Then there are the spree killers, couples who commit multiple acts of indiscriminate violence during a compressed period of time. These lovers are often fueled by such extremes of emotional stimulation that their moral compasses go haywire. Charles Starkweather and Caril Ann Fugate were the real-life models for this type of folie à deux in the 1950s. During an era of conformity to conservative family values, their destructive path was seen as the darkest kind of social rebellion. Their troubled personas then morphed into the film characters Kit and Holly in Terence Malick’s Badlands (1973) and again into Mickey and Mallory in the Quentin Tarantino-written, Oliver Stone-directed Natural Born Killers (1994). The common throughline here is two young people for whom the combination of social alienation and an overdose of oxytocin (the “love hormone”) triggers a mutual homicidal rage.
Bonnie and Clyde are another subset of lovers whose romantic attraction is the spark that sets off a murderous combustion. The crime this pair set out to commit was robbing banks, not murdering people. Their first killings were committed during the act of robbery against the bank guards and lawmen who tried to stop them. The pair seemed to grow more desensitized to the act of killing as their number of victims rose and at the same time were spurred on by the tabloid infamy they achieved between the springs of 1932 and 1934. Their co-dependency descended to the point they made a pact to go down together in a hail of gunfire rather than be forced apart by the law. Whether they were actually caught in the grip of a shared psychosis is debatable, but their killings became increasingly ruthless and by the time they met their famously violent end the couple had left a trail of thirteen bodies across Texas and Louisiana.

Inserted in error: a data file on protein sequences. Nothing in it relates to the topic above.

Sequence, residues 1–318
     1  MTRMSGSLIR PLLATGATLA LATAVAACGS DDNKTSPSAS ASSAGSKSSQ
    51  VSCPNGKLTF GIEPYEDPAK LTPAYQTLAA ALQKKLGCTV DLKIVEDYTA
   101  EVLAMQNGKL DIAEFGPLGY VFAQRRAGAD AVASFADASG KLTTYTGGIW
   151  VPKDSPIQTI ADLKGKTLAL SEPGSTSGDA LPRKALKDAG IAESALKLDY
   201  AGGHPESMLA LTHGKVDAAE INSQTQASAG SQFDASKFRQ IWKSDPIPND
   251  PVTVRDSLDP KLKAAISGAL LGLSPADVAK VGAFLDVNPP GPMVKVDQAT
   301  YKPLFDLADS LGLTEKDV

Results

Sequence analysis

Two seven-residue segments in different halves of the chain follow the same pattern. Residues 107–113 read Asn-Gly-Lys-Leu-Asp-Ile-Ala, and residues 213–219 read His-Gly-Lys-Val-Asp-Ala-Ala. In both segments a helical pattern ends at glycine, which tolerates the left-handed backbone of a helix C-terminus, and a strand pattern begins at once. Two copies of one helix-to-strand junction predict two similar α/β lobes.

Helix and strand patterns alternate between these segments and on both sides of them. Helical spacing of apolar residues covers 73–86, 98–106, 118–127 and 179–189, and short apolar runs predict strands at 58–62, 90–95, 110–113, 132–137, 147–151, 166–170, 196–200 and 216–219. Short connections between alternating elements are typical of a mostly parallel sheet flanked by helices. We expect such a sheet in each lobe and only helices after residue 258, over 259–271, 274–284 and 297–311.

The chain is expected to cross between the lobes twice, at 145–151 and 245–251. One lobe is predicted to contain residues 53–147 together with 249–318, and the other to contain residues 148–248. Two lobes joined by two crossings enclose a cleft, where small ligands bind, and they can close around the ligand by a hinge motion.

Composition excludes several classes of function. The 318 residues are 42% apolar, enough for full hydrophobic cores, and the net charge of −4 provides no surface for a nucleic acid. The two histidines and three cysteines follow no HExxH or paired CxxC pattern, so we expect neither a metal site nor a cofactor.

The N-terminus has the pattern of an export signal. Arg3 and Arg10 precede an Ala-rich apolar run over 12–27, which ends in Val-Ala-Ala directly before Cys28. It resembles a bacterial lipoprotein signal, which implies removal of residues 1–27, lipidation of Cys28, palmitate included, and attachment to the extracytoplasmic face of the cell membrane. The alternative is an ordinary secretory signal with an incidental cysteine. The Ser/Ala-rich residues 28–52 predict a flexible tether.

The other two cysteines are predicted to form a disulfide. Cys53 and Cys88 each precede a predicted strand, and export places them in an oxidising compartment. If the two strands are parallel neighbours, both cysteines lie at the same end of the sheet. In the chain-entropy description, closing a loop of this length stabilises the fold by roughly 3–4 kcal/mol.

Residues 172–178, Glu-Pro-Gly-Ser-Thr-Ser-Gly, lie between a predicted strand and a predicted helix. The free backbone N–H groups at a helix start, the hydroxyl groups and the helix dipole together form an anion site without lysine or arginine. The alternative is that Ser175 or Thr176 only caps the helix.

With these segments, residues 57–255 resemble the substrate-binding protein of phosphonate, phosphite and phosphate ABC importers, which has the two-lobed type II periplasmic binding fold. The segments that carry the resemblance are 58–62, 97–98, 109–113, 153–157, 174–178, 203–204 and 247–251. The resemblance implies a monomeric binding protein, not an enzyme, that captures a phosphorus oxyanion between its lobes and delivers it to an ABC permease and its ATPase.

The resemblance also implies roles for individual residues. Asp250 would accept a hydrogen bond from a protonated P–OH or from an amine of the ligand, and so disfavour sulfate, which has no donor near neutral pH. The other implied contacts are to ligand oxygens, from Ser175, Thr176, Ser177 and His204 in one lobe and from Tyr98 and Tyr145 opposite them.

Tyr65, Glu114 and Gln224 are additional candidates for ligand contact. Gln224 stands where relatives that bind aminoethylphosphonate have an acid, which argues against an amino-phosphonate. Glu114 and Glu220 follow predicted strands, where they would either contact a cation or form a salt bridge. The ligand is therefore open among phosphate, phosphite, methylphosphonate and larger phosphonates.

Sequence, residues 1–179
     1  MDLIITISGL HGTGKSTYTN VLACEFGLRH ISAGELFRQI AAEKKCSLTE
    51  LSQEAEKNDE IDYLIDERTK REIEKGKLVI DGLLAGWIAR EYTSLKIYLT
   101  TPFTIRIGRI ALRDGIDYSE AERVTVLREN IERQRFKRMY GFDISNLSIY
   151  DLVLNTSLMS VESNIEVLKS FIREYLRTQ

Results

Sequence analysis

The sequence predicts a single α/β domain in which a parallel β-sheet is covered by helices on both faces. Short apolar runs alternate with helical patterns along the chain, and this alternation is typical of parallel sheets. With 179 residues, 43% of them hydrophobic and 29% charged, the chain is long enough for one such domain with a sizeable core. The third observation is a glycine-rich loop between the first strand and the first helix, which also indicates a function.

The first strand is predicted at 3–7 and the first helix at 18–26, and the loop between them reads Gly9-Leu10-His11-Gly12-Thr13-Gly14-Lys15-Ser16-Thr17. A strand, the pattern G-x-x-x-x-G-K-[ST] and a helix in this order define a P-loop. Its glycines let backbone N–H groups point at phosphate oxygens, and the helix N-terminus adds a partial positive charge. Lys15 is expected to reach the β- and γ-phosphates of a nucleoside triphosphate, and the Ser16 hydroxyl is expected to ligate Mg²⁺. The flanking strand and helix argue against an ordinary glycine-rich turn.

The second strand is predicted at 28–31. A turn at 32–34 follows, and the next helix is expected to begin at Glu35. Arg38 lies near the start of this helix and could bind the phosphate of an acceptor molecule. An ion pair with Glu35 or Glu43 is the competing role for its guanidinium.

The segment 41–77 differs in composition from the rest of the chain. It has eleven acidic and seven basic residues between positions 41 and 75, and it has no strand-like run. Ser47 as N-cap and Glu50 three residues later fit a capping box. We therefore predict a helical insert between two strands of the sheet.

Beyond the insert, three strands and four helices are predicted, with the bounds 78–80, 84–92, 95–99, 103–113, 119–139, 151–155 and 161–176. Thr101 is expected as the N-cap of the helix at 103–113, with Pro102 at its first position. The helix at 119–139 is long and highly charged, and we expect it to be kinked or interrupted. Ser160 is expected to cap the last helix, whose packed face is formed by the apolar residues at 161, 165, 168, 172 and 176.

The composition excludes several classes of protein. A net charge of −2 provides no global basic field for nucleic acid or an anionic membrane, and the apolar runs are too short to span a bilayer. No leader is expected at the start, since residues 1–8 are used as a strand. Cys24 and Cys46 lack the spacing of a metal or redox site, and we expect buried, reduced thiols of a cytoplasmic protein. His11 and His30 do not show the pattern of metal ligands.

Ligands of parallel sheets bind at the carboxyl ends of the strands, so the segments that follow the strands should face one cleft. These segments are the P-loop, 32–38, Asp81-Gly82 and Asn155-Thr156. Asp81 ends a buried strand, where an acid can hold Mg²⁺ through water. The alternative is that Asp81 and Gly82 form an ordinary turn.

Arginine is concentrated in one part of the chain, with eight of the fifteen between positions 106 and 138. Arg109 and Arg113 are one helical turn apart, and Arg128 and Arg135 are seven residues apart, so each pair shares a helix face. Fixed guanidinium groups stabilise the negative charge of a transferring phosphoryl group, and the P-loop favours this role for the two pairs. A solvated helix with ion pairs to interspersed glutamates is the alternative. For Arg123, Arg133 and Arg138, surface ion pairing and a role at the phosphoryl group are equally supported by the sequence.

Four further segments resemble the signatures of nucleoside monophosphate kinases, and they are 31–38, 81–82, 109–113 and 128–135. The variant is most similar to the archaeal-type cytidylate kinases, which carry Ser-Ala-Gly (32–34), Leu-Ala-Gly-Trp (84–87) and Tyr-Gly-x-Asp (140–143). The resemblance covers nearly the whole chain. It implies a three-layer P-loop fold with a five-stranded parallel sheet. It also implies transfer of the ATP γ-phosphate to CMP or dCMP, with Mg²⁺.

Karla Homolka and Paul Bernardo fall into an even more problematic category—kidnap-torture-kill perpetrators. Dubbed in the press as the “Ken and Barbie Killers” because of their outward normality and physical attractiveness, this married couple committed acts together that pushed the boundaries of aberrant behavior. Their entanglement was dominated and propelled by intense sexual lust. The psycho-dynamics between this couple were so toxically complex that it’s hard for most of us to imagine. Or so repellent that our imaginations automatically reject going there in fear of beholding a darkness we can never un-behold. Certainly each had experienced their own psychological trauma by the time they fell into each other’s orbit. But the chemical reaction set off by their conjugation led to the most disturbing kinds of acts one human being – let alone two – can inflict on another.
Which brings us back to Elizabeth Haysom and Jens Soering, who authorities believed conceived, planned, and committed the hyper-violent murders of her parents. When we came upon this case through a documentary film “Killing for Love,” a nonfiction crime book “Beyond Reason: The True Story of a Shocking Double Murder, a Brilliant Virginia Socialite and a Deadly Psychotic Obsession,” and multiple true crime podcasts, we were baffled. How could these two intelligent, privileged, seemingly well-adjusted college students have committed such a horrific crime, not just of parricide but of double parricide? Writing With a Kiss We Die and creating the characters of Jordan De Carlo and Victoria Berne was a way to work through our bafflement by constructing an up-close look at “madness for two”—and how it manifests in a love story that takes a terribly wrong turn.